session in this "within-group" design. In all sessions the buyers’ shopping cost was set at 15

cents per seller approach.

The Search treatment implemented a standard sequential search setup: a buyer had to

specify a seller and pay the 15 cent cost in order to see the seller’s price. The buyer could then

either purchase at the posted price by pressing "p" on the keyboard, or shop elsewhere by

pressing "s." In the Posted-Offer treatment, a buyer could see the all sellers’ prices at no cost,

and the displays indicated whether a seller was out of stock. The buyer would still have to pay

the 15 cent shopping cost to approach a seller. This cost is like a travel cost in the sense that

it is independent of the number of units purchased.3

3 Thus we compare performance across price-publicity conditions, holding search costs constant. This differs fromthe usual theoretical discussion, which focuses on the effects of injecting costly search into an environment where pricesare not public. We chose not to evaluate performance in a no-search cost/private-information baseline environment largely


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It is worth emphasizing the way in which our Search treatment differs from the Grether,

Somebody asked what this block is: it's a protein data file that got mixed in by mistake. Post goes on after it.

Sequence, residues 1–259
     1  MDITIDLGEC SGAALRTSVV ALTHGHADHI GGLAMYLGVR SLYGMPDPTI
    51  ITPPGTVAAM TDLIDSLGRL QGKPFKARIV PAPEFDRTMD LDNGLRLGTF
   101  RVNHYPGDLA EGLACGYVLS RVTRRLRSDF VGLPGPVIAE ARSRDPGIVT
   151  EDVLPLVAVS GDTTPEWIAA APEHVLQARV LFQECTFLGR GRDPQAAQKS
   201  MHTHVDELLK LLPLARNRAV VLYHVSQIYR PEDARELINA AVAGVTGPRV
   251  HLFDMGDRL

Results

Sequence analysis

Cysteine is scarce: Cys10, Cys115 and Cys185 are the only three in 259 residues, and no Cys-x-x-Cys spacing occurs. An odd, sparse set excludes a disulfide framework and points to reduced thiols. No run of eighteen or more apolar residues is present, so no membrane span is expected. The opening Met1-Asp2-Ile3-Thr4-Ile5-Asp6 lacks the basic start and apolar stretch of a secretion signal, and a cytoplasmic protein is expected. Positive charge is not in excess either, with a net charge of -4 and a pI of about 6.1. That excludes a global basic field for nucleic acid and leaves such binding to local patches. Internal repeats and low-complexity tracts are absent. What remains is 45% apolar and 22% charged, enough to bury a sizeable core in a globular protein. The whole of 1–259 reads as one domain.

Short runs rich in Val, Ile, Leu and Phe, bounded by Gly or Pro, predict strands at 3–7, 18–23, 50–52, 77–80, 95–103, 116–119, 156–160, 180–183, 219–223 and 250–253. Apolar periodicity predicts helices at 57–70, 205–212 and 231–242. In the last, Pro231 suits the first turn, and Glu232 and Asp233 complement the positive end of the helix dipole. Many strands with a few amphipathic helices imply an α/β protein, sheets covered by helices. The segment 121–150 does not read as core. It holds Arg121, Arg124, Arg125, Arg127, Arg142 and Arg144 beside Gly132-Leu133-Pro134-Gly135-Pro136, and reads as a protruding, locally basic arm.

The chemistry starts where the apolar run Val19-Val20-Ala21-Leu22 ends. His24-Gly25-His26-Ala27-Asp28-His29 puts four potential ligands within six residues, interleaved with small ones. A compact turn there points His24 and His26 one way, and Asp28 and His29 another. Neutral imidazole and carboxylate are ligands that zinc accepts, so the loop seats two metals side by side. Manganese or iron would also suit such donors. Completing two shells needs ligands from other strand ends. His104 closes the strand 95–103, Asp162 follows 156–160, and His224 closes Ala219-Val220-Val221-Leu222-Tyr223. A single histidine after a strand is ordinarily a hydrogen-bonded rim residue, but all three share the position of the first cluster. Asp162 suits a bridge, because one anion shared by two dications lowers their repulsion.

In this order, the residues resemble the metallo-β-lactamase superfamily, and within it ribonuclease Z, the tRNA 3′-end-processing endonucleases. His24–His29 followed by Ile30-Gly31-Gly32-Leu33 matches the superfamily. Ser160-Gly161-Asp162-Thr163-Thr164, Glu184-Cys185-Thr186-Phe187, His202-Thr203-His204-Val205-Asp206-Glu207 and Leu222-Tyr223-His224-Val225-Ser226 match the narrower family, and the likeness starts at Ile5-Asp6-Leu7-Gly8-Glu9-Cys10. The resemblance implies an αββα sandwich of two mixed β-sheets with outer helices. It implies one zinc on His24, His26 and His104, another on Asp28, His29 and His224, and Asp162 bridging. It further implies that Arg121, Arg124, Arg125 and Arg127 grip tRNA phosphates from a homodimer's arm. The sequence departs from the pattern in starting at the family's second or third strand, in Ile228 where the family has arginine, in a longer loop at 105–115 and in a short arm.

Schwartz, and Wilde (1988) design. In their Search ("Monopoly") treatment, buyers were shown

the complete list of posted prices at the beginning of each period, without seller identifications.

A buyer could avoid a search cost by making a purchase (if profitable) from one seller randomly

selected by the experimenter. Alternatively, the buyer could pay a cost (10 cents) to obtain a

sample of 2 or more randomly selected sellers, so that a purchase could be made at the lower

price. We decided not to reveal any prices to buyers unless they paid a search cost in a

sequential search setup. We were motivated in part by Stahl’s (1989, p. 700) argument against

"... the dubious assumption that consumers can ‘see’ deviations by firms before they actually

search."4 In any event, our design is unquestionably as legitimate as the Grether, Schwartz and

Wilde design, and is perhaps more appealing from the perspective of realism.

Each session consisted of 3 buyers (B1-B3) and 3 sellers (S1-S3), with values and costs

indicated by the trader identification for each unit on the market demand and supply curves

shown on the left side of figure 1. The buyers are symmetric, each with units valued 70 and 30

cents above the competitive prediction, Pe, which is normalized to zero. Similarly, sellers faced

identical costs, with a single unit at a marginal cost 30 cents below Pe, and three additional units

with costs at Pe. The large excess supply of 6 units at supracompetitive prices makes the market

very competitive; one seller will be left out of the market if sellers offer at least 2 units.5